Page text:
On the day that is in it, the centenary of the Representation of the People Act, when we commemorate the centenary of women's suffrage, I very much welcome the Minister of State's commitment to ensure gender equality is at the forefront of our international work, in particular as he said when Ireland becomes the chair of the Commission on the Status of Women later this year.

In the brief time available to me, and so as to allow time for Senator Buttimer to speak, I wish to touch on Irish Aid. As the Minister of State is aware, the Joint Committee on Foreign Affairs and Trade has been conducting a review in conjunction with the Department, and we hope to launch our report on Irish Aid at the end of February. We heard from many stakeholders in the area and a number of issues were addressed. Members of the committee travelled to Malawi, a key partner country for Ireland. We are keen to ensure the Government takes forward the implementation of the sustainable development goals in the Irish Aid programme, with a specific focus on gender, education, climate change and agriculture. We have also called for a whole-of-Government approach to overseas development. We very much recognise the very positive feedback we get from partner countries and from those working in development in terms of Irish Aid's programme and the significant benefit it has brought about.

One thing we are keen to emphasise is that we would seek to reach our commitment on the spending of 0.7% of GNI on overseas development aid. I very much welcome the comment in the Minister of State's speech that he will be developing a pathway towards reaching that goal. He also said the Tánaiste will bring proposals in that respect to Government very soon.

I very much hope we will see it. The committee will certainly be working to support it because, in its report, it will be setting out in detail a proposal for how we can achieve our target on a phased basis. We are conscious that Ireland is still some way off achieving it. We were only at a figure of 0.33% in 2016. That is a key issue that will certainly be raised in the report.

On ongoing humanitarian crises, colleagues have referred to the Rohingya people and the need for an independent investigation in that regard. I raised the matter with the Minister for Foreign Affairs and Trade, Deputy Simon Coveney, some months ago and was glad to see in his response to me that the Government would be pushing for an impartial, independent investigation into events, particularly in Rakhine State. I very much support the Minister's work in that regard.

Colleagues have referred to the conflict in Syria. With regard to the conflicts in Syria and Yemen, as a neutral state within the European Union, Ireland should be referring to the powers behind them - the powers that are really causing the humanitarian crises. I refer to Russia's backing of the brutal Assad regime in Syria, on which we have had quite a number of hearings at meetings of the Joint Committee on Foreign Affairs. This morning I was glad to screen a film by Ronan Tynan and Anne Daly of Esperanza Productions, "Syria: The Impossible Revolution". It sets out the context and background to the horrific conflict which has claimed so many lives. There is still enormous displacement of people across Syria, with civilians being targeted and sieges in East Ghouta and other places. I am happy to work with the Irish Syria Solidarity Movement in trying to highlight the plight of the Syrian people and the backing of the Assad regime by other powers such as Russia and Iran which has resulted in the regime being propped up. The same applies to the forgotten crisis in Yemen which others have mentioned and in which there have been terrible civilian casualties. Saudi Arabia has been complicit in the brutality. Ireland should be taking a strong stand against the backing of brutal regimes by other powers.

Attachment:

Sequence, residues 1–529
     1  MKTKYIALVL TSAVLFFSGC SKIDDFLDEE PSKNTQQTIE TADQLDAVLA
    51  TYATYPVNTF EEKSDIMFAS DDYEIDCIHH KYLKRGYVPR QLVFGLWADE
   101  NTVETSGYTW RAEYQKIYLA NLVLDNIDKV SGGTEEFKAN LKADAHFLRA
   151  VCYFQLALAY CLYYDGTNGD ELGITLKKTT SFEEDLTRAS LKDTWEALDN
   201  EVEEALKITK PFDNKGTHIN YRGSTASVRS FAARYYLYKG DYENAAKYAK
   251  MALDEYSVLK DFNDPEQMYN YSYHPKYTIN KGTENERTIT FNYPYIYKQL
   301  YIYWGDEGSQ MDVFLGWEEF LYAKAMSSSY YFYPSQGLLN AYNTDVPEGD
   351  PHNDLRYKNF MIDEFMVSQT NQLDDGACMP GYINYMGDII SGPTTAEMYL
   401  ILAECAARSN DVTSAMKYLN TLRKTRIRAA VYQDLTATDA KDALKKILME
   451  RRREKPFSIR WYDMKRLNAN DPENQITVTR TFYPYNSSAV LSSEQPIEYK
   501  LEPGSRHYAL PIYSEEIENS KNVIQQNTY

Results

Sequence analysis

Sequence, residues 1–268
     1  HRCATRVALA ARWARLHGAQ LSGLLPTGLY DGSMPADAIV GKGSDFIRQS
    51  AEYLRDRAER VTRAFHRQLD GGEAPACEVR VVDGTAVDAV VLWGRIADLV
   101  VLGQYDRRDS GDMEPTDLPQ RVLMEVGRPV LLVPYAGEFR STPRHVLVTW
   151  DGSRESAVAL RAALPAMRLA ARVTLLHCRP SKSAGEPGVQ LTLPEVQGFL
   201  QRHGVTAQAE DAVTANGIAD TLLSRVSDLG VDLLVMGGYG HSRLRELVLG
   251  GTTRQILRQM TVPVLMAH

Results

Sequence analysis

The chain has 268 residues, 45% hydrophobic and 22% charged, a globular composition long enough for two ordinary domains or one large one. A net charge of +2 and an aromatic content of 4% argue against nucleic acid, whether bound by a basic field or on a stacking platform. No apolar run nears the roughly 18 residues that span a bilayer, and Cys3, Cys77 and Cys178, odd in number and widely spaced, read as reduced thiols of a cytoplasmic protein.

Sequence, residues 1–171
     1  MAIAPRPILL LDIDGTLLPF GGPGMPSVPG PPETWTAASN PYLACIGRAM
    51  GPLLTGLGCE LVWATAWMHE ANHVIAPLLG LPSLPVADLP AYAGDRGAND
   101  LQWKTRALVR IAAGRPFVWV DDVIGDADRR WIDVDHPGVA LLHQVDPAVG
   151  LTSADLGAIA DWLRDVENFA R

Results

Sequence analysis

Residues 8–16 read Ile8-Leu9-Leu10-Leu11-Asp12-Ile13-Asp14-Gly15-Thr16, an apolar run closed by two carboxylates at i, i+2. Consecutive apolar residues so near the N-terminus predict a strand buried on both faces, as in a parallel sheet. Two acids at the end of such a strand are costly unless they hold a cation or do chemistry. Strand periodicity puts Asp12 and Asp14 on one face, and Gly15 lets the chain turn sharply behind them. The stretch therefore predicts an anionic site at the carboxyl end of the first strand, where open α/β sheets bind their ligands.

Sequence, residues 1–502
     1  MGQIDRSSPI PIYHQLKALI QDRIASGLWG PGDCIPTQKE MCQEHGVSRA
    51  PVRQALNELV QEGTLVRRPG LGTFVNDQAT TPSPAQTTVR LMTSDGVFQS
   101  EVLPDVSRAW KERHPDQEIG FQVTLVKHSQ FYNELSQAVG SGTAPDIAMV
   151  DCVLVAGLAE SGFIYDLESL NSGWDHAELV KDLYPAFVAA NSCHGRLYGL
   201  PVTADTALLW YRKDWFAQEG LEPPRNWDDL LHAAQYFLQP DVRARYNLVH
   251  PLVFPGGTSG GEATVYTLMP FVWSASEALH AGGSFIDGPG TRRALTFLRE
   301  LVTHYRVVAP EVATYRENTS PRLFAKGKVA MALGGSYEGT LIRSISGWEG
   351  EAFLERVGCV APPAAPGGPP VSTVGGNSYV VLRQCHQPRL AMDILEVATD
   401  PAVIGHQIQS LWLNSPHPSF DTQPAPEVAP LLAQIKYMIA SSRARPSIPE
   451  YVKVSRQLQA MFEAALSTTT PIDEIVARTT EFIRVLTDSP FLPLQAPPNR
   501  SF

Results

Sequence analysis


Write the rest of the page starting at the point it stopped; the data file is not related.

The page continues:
On the conflict in Palestine and the Middle East, I am glad that we had the debate last week on Senator Francis Black's Bill on the occupied territories. I am also glad that the Minister adopted a co-operative approach to it. I hope he, Senator Frances Black and her colleagues will liaise on the matter to ensure progress is made on the Bill which is an important one. It is important that we take action, particularly on the settlements which are illegal under international law. The Labour Party has a strong track record on Palestinian rights.

Although I know that it is not strictly a matter for the Department of Foreign Affairs and Trade - it is a matter for the Department of Justice and Equality - we need to recognise our role in Ireland in taking in more refugees and ensuring generosity in granting a right to work to those living in direct provision centres. I hope we will see speedy action being taken by the Government in that regard. My colleague Senator Aodhán Ó Ríordáin has taken a strong stance on the issue and been right.

Recently I was pleased to attend the Holocaust memorial event. The resonance between the position on the plight of refugees fleeing from conflict across the Mediterranean and Ireland's lack of generosity in taking in Jewish refugees during the Second World War was actually noted by the Taoiseach when he spoke at the event.

On Brexit, I do not agree with Senator Frank Feighan. I do not believe many agree with his position on the Commonwealth. However,I do agree with him on how disastrous Brexit will be for Ireland. A number of members of the committee met the House of Commons Exiting the European Union Committee just a week and a half ago. We presented a cross-party consensus to its chairman, Mr. Hilary Benn, and his colleagues on just how seriously detrimental Brexit would be to Ireland. We left them very clear on the effect it would have. It is crucial that we have ongoing parliamentary engagement with Members of Parliament in Britain and Members of the House of Lords. I am glad that, as part of Vótáil 100, a group of us will be travelling to the House of Commons on 28 February to present a portrait of Constance Markievicz. It will be the first time the British will recognise officially her position as the first woman Member of Parliament who was elected in 1918.